Birth order effect on childhood food allergy
Version of Record online: 2 FEB 2012
© 2012 John Wiley & Sons A/S
Pediatric Allergy and Immunology
Volume 23, Issue 3, pages 250–254, May 2012
How to Cite
Kusunoki, T., Mukaida, K., Morimoto, T., Sakuma, M., Yasumi, T., Nishikomori, R. and Heike, T. (2012), Birth order effect on childhood food allergy. Pediatric Allergy and Immunology, 23: 250–254. doi: 10.1111/j.1399-3038.2011.01246.x
- Issue online: 17 APR 2012
- Version of Record online: 2 FEB 2012
- Accepted for publication 22 October 2011
- birth order;
- food allergy;
To cite this article: Kusunoki T, Mukaida K, Morimoto T, Sakuma M, Yasumi T, Nishikomori R, Heike T. Birth order effect on childhood food allergy. Pediatric Allergy Immunology 2012: 23: 250–254.
Higher birth order is associated with a smaller risk of allergy (birth order effect). The purpose of this study was to compare the significance of the birth order effect on the prevalence of specific allergic diseases [bronchial asthma (BA), atopic dermatitis (AD), allergic rhinitis (AR), allergic conjunctivitis (AC), and food allergy (FA)] among schoolchildren. A questionnaire survey dealing with the prevalence of allergic diseases was administered to the parents of 14,669 schoolchildren aged 7–15 yr. Based on the data, the prevalence of each allergic disease was compared according to birth order (1st, 2nd, and 3rd or later). Multiple regression analysis was performed to test the significance of the differences.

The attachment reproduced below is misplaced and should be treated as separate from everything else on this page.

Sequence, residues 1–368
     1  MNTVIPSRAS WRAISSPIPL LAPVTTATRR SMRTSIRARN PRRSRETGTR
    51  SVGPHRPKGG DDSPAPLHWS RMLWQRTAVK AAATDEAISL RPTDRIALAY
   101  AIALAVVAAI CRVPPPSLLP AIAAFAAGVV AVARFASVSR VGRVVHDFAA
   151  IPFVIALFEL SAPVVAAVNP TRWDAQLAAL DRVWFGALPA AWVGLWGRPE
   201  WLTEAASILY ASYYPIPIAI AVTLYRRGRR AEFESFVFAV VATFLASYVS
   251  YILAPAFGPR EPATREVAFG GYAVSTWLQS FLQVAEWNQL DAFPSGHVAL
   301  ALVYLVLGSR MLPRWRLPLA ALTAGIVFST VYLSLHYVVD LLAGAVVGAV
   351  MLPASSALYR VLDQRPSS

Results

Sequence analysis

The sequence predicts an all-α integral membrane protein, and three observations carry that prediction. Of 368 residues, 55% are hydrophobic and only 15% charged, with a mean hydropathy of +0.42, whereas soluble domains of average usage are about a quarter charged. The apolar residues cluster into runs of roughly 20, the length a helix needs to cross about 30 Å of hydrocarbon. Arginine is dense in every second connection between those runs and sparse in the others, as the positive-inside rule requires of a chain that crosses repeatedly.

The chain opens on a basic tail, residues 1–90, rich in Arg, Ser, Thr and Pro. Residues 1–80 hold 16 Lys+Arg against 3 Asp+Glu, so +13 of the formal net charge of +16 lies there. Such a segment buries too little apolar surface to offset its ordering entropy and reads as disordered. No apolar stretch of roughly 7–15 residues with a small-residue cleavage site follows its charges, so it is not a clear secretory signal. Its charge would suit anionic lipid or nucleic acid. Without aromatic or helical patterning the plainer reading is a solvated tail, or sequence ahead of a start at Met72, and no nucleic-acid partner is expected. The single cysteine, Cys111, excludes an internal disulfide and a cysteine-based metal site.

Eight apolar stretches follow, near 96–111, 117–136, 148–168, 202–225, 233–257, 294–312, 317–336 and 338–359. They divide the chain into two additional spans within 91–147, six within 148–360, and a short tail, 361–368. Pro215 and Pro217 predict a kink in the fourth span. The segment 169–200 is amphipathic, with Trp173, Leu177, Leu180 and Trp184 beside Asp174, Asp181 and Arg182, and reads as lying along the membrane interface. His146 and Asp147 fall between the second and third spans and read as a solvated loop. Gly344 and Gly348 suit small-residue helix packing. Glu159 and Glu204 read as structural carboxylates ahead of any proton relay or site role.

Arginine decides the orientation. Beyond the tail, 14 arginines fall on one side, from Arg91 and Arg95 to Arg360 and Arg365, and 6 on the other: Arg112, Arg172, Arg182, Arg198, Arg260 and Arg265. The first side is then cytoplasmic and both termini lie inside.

There was no significant difference in the prevalence of BA or AD according to birth order. The prevalence of AR, AC, and FA decreased significantly as birth order increased. The prevalence of FA among those with 1st, 2nd, and 3rd or later birth order was 4.0%, 3.4%, and 2.6%, respectively (p = 0.01). With respect to symptoms in infancy, the prevalence of wheeze increased significantly and that of FA and eczema in infancy decreased significantly as birth order increased.
The present data show a significant birth order effect on FA. The effect was also observed for the prevalence of FA and eczema in infancy. These data support the concept of early, non-allergen-specific programming of IgE-mediated immunity.